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− | + | ==Cubemap Projection Configuration== | |

− | The configuration for a cube map is | + | The configuration for a cube map is that pixels are lying on a plane z=1 such as <math>p'=(x,y,1), -1<x<1, -1<y<1</math> and we project back onto the unit hemisphere by "normalizing" the vector <math>p=\frac{p'}{|p'|}=\frac{(x,y,1)}{\sqrt{1+x^2+y^2}}</math> as shown on the figure below: |

+ | [[File:PerspectiveProjection.png|500px]] | ||

− | + | ||

+ | |||

+ | ==Our Projection Configuration== |

## Revision as of 17:44, 2 June 2017

Hi!

Maybe you already bumped into the problem of projecting a cubemap into spherical harmonics and found this page to help you out: http://www.rorydriscoll.com/2012/01/15/cubemap-texel-solid-angle/ ?

But maybe you need the solution of another, similar problem that consists in finding the solid angle of a pixel lying in the z=0 plane and orthogonally projected onto the hemisphere, like shown here:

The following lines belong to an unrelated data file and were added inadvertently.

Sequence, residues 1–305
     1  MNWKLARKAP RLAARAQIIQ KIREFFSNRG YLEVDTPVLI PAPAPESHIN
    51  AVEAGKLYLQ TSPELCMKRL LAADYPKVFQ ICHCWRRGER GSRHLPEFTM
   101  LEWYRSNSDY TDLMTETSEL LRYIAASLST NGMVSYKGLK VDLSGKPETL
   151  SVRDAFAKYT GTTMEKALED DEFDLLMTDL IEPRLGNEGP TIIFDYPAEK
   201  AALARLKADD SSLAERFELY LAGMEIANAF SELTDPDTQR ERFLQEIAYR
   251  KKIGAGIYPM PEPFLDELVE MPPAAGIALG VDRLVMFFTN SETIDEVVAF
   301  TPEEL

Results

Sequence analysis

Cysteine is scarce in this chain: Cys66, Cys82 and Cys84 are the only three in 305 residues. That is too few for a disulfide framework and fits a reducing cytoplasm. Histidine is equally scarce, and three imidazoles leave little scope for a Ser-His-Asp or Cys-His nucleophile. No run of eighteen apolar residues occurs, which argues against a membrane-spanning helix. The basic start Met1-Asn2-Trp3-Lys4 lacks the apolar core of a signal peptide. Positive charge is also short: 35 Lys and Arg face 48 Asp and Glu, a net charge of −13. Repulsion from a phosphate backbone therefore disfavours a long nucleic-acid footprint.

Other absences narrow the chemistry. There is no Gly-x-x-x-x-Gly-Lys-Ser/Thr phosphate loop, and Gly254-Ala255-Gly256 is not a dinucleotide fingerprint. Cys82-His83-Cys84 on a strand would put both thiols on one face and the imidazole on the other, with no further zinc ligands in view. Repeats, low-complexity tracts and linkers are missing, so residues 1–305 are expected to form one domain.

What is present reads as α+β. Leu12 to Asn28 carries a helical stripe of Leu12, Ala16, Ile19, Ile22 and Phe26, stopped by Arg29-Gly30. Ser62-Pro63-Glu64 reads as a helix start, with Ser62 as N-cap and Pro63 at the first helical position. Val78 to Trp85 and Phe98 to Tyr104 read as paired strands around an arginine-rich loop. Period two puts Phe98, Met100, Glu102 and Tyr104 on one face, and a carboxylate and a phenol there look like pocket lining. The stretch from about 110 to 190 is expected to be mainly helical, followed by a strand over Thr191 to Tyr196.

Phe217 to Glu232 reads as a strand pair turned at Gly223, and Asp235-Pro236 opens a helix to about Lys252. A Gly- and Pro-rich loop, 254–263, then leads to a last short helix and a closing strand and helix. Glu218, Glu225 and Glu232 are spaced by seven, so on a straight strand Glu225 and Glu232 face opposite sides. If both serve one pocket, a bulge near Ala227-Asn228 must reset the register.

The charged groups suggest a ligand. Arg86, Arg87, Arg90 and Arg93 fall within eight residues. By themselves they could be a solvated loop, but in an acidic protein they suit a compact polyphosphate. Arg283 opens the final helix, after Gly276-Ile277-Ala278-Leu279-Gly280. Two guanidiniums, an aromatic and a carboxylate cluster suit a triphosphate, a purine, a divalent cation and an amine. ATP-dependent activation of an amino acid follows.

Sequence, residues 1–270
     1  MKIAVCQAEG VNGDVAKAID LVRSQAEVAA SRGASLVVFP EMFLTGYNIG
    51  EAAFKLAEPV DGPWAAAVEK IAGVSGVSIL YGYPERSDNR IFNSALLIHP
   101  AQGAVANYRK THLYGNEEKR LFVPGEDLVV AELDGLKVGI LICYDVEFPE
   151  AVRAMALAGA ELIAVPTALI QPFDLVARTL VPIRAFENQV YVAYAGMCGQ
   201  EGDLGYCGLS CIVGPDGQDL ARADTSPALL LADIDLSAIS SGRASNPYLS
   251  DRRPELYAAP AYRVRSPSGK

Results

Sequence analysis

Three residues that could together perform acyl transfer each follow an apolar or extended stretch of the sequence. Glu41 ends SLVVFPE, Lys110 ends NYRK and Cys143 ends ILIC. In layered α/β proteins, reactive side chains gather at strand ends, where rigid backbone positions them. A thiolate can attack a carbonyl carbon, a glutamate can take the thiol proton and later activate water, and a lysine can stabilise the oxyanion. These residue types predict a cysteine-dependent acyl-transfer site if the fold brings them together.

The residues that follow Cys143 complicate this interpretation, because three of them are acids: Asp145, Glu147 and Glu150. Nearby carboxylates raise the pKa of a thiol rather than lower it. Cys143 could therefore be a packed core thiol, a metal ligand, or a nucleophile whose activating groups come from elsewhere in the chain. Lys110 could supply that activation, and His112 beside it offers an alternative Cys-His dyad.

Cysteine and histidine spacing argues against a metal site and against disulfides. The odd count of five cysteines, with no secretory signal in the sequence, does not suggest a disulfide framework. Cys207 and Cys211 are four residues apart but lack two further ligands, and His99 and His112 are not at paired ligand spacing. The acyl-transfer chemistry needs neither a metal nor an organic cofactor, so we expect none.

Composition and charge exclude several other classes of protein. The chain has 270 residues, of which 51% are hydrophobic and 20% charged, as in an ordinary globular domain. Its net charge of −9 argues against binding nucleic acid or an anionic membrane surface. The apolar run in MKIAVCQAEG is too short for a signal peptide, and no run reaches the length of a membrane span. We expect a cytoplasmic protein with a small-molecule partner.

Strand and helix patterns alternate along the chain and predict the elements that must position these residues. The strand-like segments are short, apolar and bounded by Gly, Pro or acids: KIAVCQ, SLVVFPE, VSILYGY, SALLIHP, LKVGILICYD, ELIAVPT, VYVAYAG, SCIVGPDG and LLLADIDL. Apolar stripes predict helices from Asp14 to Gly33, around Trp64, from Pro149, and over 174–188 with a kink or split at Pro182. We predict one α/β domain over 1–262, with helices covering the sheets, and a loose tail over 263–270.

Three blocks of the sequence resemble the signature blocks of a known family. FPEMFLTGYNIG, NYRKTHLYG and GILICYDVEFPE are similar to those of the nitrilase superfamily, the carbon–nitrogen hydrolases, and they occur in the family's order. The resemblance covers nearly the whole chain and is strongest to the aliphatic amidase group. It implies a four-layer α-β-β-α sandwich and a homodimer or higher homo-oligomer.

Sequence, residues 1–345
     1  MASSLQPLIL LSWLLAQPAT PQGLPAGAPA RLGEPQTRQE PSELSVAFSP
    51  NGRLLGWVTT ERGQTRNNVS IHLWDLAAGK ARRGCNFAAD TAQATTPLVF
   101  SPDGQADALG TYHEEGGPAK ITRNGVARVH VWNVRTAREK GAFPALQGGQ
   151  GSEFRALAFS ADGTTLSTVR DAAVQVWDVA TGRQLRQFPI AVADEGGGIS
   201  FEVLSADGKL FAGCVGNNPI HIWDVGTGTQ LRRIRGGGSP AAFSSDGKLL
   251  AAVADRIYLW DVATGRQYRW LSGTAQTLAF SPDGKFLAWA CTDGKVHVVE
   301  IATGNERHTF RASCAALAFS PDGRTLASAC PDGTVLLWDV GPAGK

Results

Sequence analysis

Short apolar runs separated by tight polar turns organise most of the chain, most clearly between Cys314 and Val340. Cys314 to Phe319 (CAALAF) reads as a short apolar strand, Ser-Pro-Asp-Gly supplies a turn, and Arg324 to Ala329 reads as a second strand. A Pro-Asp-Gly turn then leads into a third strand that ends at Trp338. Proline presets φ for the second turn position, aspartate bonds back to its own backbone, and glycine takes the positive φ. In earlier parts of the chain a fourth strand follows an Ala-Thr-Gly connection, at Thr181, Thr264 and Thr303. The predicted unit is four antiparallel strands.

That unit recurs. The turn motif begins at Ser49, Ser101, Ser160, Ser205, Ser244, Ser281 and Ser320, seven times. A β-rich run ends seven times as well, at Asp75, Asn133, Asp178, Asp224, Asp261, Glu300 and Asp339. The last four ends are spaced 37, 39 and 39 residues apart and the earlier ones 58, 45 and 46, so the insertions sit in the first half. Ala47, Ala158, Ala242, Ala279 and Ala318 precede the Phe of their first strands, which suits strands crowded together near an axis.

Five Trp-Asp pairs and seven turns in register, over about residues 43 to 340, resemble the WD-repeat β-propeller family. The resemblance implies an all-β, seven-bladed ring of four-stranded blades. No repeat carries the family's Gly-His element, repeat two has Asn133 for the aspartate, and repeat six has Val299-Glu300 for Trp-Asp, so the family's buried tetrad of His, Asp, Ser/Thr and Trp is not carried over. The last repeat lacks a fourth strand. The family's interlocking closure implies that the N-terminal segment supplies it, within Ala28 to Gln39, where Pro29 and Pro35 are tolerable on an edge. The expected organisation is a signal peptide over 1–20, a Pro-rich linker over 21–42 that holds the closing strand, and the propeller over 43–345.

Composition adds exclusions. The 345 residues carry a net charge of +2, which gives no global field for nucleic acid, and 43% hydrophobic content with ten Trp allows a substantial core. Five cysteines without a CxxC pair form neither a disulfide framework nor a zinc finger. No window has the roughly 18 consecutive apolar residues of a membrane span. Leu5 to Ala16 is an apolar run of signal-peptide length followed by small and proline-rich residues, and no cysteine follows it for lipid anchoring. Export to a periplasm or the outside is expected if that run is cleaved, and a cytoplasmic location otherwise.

First of all, the document that was used initially to do the computations, both in AMD's cube map generator, Rory Driscoll's summary and this page, is the very interesting thesis by Manne Öhrström.

## Cubemap Projection Configuration

The configuration for a cube map is that pixels are lying on a plane z=1 such as <math>p'=(x,y,1), -1<x<1, -1<y<1</math> and we project back onto the unit hemisphere by "normalizing" the vector <math>p=\frac{p'}{|p'|}=\frac{(x,y,1)}{\sqrt{1+x^2+y^2}}</math> as shown on the figure below: